Opioid abuse has reached an all-time high in the US. Unfortunately, the problem has become more of a crisis and has affected most industries and geographic areas within this country. Although, what should someone do when it affects their trucking business?
Recent studies have shown that those involved in fatal motor vehicle incidents tested positive for prescription opioids. Sadly, these opioids are particularly dangerous for truck drivers. They can cause drowsiness, slow reaction time and reduced alertness. To combat this, the Department of Transportation (DOT), created a new drug screening program. Thus, this program became effective at the beginning of last year. In contrast, what if a driver who previously passed a drug testing procedure can no longer do so? What if they begin over-utilizing or abusing opioids, or other potentially harmful substances? So, while the Americans with Disabilities Act (ADA) protects people who qualify for drug addiction it doesn’t protect everyone who uses drugs. Fortunately, it provides protection for those who don’t use drugs illegally and are receiving treatment for their addiction. Otherwise, like for those using illegal drugs, employees are not protected.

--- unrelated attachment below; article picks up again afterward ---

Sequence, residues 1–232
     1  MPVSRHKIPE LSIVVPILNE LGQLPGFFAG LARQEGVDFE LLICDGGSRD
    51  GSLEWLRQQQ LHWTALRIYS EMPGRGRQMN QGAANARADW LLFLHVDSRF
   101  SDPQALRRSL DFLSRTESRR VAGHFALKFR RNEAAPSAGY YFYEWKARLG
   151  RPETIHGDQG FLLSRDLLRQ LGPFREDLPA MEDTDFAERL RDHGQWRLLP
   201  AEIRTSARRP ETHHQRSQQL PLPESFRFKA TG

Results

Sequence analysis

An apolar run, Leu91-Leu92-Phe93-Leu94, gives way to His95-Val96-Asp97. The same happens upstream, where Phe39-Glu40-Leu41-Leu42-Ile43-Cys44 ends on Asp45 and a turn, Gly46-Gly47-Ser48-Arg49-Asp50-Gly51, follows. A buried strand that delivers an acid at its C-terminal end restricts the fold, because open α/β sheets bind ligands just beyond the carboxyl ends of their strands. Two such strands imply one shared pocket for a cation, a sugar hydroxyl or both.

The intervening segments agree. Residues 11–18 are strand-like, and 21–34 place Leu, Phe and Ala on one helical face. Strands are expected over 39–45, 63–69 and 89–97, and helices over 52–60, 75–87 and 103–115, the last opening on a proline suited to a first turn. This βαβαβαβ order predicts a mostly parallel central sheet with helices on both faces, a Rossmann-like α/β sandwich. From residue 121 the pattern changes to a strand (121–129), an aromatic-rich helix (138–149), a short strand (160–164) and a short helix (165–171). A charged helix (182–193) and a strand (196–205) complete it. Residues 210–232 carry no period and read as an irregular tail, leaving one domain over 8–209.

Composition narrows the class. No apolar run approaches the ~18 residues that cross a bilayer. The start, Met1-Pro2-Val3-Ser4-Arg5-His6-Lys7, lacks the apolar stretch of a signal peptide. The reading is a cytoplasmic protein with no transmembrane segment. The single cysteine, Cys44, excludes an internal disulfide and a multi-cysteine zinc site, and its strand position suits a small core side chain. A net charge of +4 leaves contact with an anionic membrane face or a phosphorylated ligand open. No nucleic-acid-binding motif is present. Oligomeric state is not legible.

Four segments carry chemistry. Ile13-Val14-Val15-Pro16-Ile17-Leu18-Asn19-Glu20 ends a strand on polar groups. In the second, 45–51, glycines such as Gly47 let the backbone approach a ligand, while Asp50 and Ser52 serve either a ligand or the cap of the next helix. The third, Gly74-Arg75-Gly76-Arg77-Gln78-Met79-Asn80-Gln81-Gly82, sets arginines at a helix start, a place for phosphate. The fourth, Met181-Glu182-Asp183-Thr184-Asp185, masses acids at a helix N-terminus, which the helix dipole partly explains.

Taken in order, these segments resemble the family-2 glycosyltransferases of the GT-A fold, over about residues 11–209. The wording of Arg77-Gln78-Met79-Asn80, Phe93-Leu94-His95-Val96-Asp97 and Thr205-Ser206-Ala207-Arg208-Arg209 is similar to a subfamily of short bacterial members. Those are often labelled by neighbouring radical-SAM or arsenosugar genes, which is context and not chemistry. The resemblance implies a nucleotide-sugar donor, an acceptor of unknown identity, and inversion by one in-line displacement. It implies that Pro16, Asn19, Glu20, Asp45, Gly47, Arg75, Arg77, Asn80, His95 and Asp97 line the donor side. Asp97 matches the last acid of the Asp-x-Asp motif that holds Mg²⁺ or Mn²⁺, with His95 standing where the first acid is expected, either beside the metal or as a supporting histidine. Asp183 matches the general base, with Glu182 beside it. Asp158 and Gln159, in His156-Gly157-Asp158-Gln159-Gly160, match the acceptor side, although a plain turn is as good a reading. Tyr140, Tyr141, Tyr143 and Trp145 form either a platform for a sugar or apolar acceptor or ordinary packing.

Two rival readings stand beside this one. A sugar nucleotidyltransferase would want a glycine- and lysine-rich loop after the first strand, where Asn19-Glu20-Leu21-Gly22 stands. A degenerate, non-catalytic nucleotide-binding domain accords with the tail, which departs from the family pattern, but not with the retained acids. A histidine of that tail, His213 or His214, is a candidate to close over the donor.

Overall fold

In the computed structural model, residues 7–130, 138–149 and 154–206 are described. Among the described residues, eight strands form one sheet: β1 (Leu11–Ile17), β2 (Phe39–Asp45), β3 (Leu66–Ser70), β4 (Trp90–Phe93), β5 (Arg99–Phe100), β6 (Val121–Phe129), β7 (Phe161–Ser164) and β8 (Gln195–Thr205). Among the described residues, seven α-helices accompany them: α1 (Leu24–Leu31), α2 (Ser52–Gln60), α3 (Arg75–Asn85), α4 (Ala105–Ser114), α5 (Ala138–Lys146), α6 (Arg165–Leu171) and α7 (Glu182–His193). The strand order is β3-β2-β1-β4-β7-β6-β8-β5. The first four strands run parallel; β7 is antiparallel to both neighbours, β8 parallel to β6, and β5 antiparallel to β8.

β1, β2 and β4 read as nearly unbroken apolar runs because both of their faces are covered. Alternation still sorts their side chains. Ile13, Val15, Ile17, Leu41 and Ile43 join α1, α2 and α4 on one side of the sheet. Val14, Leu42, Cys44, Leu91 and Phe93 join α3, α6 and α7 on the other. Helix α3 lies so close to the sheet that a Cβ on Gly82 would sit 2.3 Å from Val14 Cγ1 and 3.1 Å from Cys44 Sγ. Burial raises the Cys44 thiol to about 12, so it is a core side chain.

According to Federal Motor Carrier Safety Regulations (FMCSR), any driver using any opium derivatives, opiates, hallucinogenic substances, and other “fentanyl-related substances” cannot operate a motor vehicle. These are considered “Schedule I drugs.” On the other hand, “Schedule II drugs” which require a prescription and the approval from a physician can be taken while operating a motor vehicle.
In, conclusion motor vehicle operators should review the FMCSR guidelines if taking controlled substances. Also, any employers who are unsure about a situation involving drug use should hire an employment lawyer knowledgeable on the FMCSR guidelines.